Media censorship in Nepal
Illustration: Fawaz Dalvi
No Country for Free Press


The country ranks fairly better than its Asian counterparts. However, its policies and laws are slowly turning the media landscape into a lethal minefield.
Pallavi Pundir
Delhi, India
illustrated by Fawaz Dalvi
January 31, 2019, 10:30am

Photographer Prasiit Sarkar remembers the first time he held his first camera. “It was 2006, and a very difficult time for Nepal,” he writes to me from Kathmandu. “In the countryside, civil war was at its peak, and in the cities, there were protests going on almost everyday against the autocratic rule of the king. I didn’t know anything about photography back then, and had seen very little. But I started following these protests around Kathmandu and, following that, in April, there was an uprising, bringing the capital—and later, the whole nation—to a halt.”

Sarkar’s description is of the widely-criticised then King Gyanendra Bir Bikram Shah Dev’s move in 2005, to take absolute control of the state in order to crush the Maoist uprising against the monarchy. Coming straight after what was a short-lived 14-year-long period of democracy in Nepal under constitutional monarchy, this move also crippled one of the key actors of the state, the media. In this report by the Columbia Journalism Review, senior journalist Kunda Dixit speaks about soldiers “with guns” sitting in newsrooms, TV and radio stations, and internet service providers, sifting through the material and deciding what should go and what shouldn’t.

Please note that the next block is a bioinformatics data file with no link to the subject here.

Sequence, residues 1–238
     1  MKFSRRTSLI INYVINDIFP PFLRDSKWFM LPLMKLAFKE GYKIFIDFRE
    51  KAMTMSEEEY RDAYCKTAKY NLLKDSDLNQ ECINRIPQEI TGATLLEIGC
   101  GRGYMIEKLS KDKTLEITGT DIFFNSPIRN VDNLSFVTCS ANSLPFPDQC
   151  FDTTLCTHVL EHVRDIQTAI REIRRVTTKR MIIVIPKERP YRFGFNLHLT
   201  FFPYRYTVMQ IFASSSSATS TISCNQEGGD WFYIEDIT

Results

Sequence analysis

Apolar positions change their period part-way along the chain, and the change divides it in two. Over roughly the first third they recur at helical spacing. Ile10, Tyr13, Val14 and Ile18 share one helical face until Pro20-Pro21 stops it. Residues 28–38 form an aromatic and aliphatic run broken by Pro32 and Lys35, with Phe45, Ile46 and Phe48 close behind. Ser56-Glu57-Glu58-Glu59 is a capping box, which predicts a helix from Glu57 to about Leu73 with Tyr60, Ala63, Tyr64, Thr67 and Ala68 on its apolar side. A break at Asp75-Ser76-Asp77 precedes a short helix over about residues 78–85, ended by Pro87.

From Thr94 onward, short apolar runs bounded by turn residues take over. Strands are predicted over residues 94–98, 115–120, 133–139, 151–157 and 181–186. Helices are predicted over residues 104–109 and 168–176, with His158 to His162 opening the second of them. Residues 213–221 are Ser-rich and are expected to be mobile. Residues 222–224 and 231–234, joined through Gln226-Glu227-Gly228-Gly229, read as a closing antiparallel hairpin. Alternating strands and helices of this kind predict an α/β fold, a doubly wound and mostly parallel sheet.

“Freedom of press was almost negligible,” continues Sarkar, “It did get a little better later, but this isn’t to say that freedom of expression wasn’t curtailed.” In 2008, Sarkar’s internship in a daily newspaper in Kathmandu as a photographer involved him covering Tibetan protests (against the Chinese government). “To my surprise, the editor dismissed it and it didn’t run. Most of the media houses didn’t cover these protests (which were very common) at all. It was self-censorship,” he says.

Sarkar’s experience is a sliver in what has been Nepal’s tumultuous relationship with censorship and press freedom. Intimidation and violence towards journalists by state authorities have persisted in the past. Most recently, though, during the 2017 elections, journalists were arrested, banned, threatened and physically attacked. In 2018, Nepal’s Chief Justice Gopal Parajuli imposed a gag order against a newspaper called Kantipur Daily, banning them from publishing any critical reportage on him.